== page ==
I don’t think that my reservations about the historicity of the Gospels and the transmission of the early texts are any greater than those that most scholars have about the transmission of other ancient texts. In fact, I doubt that they are any greater than the reservations that conservative Christians have about ancient documents other than the Bible. However, the reservations that are utterly trivial with respect to any other ancient text become extremely important to conservative Christians because their beliefs and practices are contingent on the authority of their scriptures and that authority depends on that extent to which the words of scripture can be attributed to specific historical persons.
Tuesday, November 11, 2008
As much as I enjoy watching the Republicans tear each other apart, the story I am most eager to hear is how Palin came to the conclusion that it would be a good idea to sell Alaska's proximity to Russia as foreign policy experience. From what I can tell, the first person to float this idea publicly was Fox News' Steve Doocy on August 29th. The first I heard of it was when Cindy McCain brought it up in an interview with George Stephanopoulos on August 31st. At the time, I thought it was just silly and I could not imagine that anyone would take it seriously.
I was stunned when Palin trotted out this argument with Charles Gibson a week later:
GIBSON: What insight into Russian actions, particularly in the last couple ofWas that really the best she could do? Wouldn't it have been better simply to say that as a governor, her attention had been focused on running her state, but that mastering new areas of knowledge and new challenges was part of her skill set?
weeks, does the proximity of the state give you?
PALIN: They’re our next door neighbors and you can actually see Russia from land here in Alaska, from an island in Alaska.
A couple days after the Gibson interview, on September 13th, Tina Fey unleashed her Palin impression on Saturday Night Live with a wonderfully ditsy delivery of "I can see Russia from my house."
Despite a week and a half to come up with a better answer to the foreign policy question Palin went to the same well in her interview with Katie Couric:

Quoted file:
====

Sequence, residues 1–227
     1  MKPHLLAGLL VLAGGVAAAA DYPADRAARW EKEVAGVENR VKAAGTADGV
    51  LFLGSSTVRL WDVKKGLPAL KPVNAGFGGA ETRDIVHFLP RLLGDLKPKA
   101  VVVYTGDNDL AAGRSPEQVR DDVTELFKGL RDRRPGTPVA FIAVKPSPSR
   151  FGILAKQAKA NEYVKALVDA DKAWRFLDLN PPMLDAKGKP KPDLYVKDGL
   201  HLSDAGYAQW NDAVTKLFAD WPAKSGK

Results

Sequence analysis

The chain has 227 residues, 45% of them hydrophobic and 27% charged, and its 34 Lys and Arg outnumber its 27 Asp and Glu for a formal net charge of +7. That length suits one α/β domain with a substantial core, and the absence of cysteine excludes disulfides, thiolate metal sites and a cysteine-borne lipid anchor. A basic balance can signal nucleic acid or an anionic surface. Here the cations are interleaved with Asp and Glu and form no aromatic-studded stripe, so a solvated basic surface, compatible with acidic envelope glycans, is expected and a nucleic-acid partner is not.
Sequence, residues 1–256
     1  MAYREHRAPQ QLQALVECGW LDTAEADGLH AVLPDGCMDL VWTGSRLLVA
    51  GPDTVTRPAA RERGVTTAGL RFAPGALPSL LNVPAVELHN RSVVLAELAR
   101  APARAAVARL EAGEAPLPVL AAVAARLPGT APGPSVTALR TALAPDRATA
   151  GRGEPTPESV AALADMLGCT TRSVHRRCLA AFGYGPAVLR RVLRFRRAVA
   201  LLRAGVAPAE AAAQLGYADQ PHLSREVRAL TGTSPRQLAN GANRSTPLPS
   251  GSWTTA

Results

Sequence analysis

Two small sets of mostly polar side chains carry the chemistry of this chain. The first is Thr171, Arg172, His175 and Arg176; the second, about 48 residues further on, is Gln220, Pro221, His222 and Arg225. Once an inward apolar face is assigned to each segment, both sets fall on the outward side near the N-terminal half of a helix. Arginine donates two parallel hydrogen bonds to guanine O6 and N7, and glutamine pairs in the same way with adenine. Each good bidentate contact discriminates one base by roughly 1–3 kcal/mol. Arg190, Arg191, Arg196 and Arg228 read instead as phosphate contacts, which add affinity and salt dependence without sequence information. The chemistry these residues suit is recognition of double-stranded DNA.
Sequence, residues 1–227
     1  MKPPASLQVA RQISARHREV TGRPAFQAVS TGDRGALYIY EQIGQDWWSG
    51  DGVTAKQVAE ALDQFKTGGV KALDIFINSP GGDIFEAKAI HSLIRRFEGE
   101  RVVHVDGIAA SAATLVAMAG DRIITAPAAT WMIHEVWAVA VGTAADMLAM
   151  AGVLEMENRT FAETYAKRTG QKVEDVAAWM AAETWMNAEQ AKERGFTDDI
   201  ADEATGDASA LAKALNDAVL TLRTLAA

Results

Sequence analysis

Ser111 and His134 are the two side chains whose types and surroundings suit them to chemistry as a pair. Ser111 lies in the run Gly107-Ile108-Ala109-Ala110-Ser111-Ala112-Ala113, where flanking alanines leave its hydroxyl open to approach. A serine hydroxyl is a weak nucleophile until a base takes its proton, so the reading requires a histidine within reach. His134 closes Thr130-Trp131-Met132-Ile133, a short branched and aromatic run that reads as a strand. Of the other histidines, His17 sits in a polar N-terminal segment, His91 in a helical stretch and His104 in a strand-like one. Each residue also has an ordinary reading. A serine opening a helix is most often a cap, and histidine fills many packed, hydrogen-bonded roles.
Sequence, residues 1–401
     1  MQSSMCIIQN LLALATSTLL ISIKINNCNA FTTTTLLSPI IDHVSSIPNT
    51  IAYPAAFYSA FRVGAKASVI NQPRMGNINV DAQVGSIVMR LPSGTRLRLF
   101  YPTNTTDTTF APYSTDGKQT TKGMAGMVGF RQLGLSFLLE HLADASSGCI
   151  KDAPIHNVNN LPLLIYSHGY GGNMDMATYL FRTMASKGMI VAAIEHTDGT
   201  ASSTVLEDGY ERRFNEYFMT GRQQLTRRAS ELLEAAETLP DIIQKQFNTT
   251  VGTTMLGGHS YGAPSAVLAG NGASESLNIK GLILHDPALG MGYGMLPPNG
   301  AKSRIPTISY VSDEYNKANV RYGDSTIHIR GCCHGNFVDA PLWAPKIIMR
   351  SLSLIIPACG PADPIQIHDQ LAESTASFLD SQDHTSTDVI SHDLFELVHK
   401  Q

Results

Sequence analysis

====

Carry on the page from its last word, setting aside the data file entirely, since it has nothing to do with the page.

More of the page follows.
It’s very important when you consider even national security issues with Russia.This led to the following line on the September 27th episode of Saturday Night Live:
As Putin rears his head and comes into the air space of the United States of
America, where do they go? It’s Alaska. It’s just right over the border. It is
from Alaska that we send those out to make sure that an eye is being kept on
this very powerful nation, Russia, because they are right there, they are right
next to our state.
COURIC(Amy Poehler): How do you do that exactly?
PALIN(Tina Fey): Every morning when Alaskans wake up, one of the
first things they do, is look outside to see if there are any Russians
hanging around. If there are, you have to go up to them and ask "What are
you doin' here?" And if they can give you a good reason, if they can't,
it's our responsibility to say, you know, "Shoo. Get back over
Not surprisingly, it was this interview that caused even conservatives to start questioning Palin's competence.
For the life of me, I cannot figure out why Palin stuck with this. Unlike her dubious claim about saying "No thanks" to the bridge to nowhere, claiming that proximity to Russia gave her foreign policy experience wasn't going to fire up the base. On the other hand, it made her look foolish to independents, moderates, and even some previously reliable culture warriors like Kathleen Parker. Moreover, Palin knew what the reaction to this claim was going to be before she ever uttered it because it had already been run up the flag pole by both Steve Doocy and Cindy McCain.